handgun coating

What Is This Cerakote I Keep Reading About?


Some people might have noticed a bunch of guns advertised as having Cerakote and wondered just what that is. It wasn't that long ago that you could choose blued steel or stainless and that was it. Now there are a bunch of different gun finishes.


In short, it's a durable coating that should help protect the surface from harm. It's a good thing to have, if you can get it - sort of like a good quality gun belt.


A Newer Choice Of Gun Coating


gun finishes

Cerakote is a type of gun coating as well as a finish, so it's kind of like a lacquer for your gun. Granted, Cerakote isn't made out of shellac, so it's not the same thing. However, they both do roughly the same job, creating both an appearance as well as a protective coating.


It's a very popular but relatively new form of gun coating. Cerakote is just one; other finishing compounds like DuraCoat are available as well.


Up until the past couple decades, guns could be had (mostly) in blued steel or stainless, both of which hold up reasonably well against the elements and rust.


Bluing is a process of treating iron (or steel, an alloy of iron and carbon) to with a catalyst that creates a layer of magnetite - or black iron oxide - on the surface of the metal. It isn't moisture proof, as blued steel needs a coat of water-repellant oil (such as a good gun lube or oil) to keep water out and rust from forming. Furthermore, it's relatively easy and cheap compared to other finishes.


Blued steel, though, does have to be periodically re-blued. Gunsmiths commonly do it, but some people do it at home.


Stainless steel is an alloy of steel and - usually - chromium, which keeps oxygen out by forming a thin layer of chromium oxide on the surface, which is chemically passive - meaning it generally doesn't react with anything else, especially air and water.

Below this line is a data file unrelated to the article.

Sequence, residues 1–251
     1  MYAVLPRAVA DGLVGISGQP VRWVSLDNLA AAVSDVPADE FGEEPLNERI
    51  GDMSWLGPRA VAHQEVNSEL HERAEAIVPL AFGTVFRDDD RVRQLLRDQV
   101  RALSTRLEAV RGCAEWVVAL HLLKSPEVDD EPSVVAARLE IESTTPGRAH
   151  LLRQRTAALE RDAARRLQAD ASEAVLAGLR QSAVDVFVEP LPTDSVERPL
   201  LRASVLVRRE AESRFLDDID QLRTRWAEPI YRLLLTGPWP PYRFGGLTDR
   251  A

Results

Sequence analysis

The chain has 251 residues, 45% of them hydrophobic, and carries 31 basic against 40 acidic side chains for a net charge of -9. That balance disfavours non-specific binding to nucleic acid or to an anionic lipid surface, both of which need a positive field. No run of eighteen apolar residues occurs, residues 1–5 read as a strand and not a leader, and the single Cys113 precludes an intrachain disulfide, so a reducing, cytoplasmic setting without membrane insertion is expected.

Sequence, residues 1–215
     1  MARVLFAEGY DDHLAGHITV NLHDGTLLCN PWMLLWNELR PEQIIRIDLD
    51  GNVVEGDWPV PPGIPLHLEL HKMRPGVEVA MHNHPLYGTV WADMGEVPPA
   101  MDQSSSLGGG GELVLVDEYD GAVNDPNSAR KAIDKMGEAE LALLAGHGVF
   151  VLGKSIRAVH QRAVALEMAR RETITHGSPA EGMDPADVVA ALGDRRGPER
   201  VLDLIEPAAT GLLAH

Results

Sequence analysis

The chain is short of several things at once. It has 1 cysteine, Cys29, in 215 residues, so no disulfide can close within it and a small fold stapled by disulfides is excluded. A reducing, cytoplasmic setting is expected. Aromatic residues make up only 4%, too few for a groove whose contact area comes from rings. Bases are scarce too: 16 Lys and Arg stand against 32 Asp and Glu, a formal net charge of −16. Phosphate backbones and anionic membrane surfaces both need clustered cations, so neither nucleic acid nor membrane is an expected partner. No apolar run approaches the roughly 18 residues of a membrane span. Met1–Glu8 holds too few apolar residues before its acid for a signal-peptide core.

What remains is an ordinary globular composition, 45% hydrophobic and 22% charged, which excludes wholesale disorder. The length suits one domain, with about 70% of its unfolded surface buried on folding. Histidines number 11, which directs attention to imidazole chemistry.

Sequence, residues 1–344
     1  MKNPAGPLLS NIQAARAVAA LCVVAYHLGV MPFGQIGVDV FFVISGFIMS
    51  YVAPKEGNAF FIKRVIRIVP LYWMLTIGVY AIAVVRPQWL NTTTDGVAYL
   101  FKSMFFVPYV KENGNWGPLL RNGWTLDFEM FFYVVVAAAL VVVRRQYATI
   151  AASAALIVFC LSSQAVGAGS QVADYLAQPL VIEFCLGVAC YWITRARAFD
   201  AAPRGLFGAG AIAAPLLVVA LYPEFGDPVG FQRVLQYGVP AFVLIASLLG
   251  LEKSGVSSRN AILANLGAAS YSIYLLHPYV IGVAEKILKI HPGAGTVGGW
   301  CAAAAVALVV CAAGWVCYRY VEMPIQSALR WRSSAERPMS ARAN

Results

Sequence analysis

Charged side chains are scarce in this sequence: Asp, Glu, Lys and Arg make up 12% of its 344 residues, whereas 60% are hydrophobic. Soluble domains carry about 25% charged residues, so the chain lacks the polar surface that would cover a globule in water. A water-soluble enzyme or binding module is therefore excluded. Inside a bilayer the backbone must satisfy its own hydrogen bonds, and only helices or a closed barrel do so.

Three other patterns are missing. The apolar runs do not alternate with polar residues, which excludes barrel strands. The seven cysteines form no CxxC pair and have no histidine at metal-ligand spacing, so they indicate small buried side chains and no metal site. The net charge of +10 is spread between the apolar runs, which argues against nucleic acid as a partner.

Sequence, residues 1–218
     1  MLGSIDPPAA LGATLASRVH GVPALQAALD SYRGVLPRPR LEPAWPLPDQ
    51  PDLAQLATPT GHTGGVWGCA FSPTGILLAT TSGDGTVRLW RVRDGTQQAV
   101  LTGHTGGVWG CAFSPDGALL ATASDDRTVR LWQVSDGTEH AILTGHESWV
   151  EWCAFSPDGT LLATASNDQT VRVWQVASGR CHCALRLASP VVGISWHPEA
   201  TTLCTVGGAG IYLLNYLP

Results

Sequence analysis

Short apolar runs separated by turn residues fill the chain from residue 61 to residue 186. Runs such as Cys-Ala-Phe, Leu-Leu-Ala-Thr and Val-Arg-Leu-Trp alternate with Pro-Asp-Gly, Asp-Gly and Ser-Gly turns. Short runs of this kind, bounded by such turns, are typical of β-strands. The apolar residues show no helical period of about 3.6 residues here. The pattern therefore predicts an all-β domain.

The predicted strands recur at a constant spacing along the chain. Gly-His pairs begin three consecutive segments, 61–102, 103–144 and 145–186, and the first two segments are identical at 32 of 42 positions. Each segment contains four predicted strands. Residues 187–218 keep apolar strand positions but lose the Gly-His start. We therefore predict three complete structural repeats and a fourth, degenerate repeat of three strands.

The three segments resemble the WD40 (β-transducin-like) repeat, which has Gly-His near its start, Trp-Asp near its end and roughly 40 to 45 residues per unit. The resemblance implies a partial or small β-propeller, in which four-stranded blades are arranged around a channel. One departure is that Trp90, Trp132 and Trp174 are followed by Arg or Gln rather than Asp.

Obviously, passivity is a prized quality in gun finishes, as keeping rust at bay is the goal. Cerakote, and other finishes, helps in this regard.


What Is Cerakote?


protective gun coating

Cerakote is a proprietary finish, made by a company called Cerakote. The name is a portmanteau with the word "coat" changed to "kote," because misspelling things is cool. (Though some cynical miscreants disagree on that point.)


Anyway, the finish employs ceramic (hence "cera") particles as part of the solution. This creates a hard surface that resists scratching and other abrasion, such as if the pistol is dropped or otherwise impacted by something.


The purchaser can either get Cerakote guns from manufacturers - many of whom apply the finish at the factory - or apply it at home (or have a gunsmith do it) as an aftermarket upgrade. Manufacturers typically offer Cerakote finishes in some sort of tactical tan or green color, though many more finishes are available. Pick the finish you want; you can even use it to match your gun with other items.


That way, you could have a car in British Racing Green and then Cerakote a car gun finished to match - which would be classy.


The drawback is that most Cerakote finishes (Cerakote H is most common) require an oven cure rather than merely just air drying, which is all that many other gun finishes need. It isn't recommended to use one's kitchen oven to do the deed. Not that it won't work, but the fumes can linger and you really don't want them in your food.


Granted, used ovens are relatively cheap, if one wanted to get one for one's workshop. You also have the burners to make lunch in the shop, if so desired.


There are air-cured Cerakote finishes (the Cerakote C range) available, but they are more for high-temperature applications (such as barrels, rather than slides) and optics rather than other firearm surfaces, such as the frame.


Are Cerakote Guns Worth Picking Up?


worth getting a gun cerakoted

Plenty of people out there are making their own Cerakote guns by having the finish applied or buying them from the manufacture, so there is something to it. There aren't too many finishes that protect as well against abrasion or moisture, which is certainly something to consider when it comes to a gun you're going to carry every day.


Investing in a firearm for protection is investing in something that may have to save your life. There's something to be said about protecting it so that it can protect you.


Besides, you can also use it to make your gun look really cool.




 

About The Author


Born in southeastern Washington State, Sam Hoober graduated in 2011 from Eastern Washington University. He resides in the great Inland Northwest, with his wife and child. His varied interests and hobbies include camping, fishing, hunting, and spending time at the gun range as often as possible.

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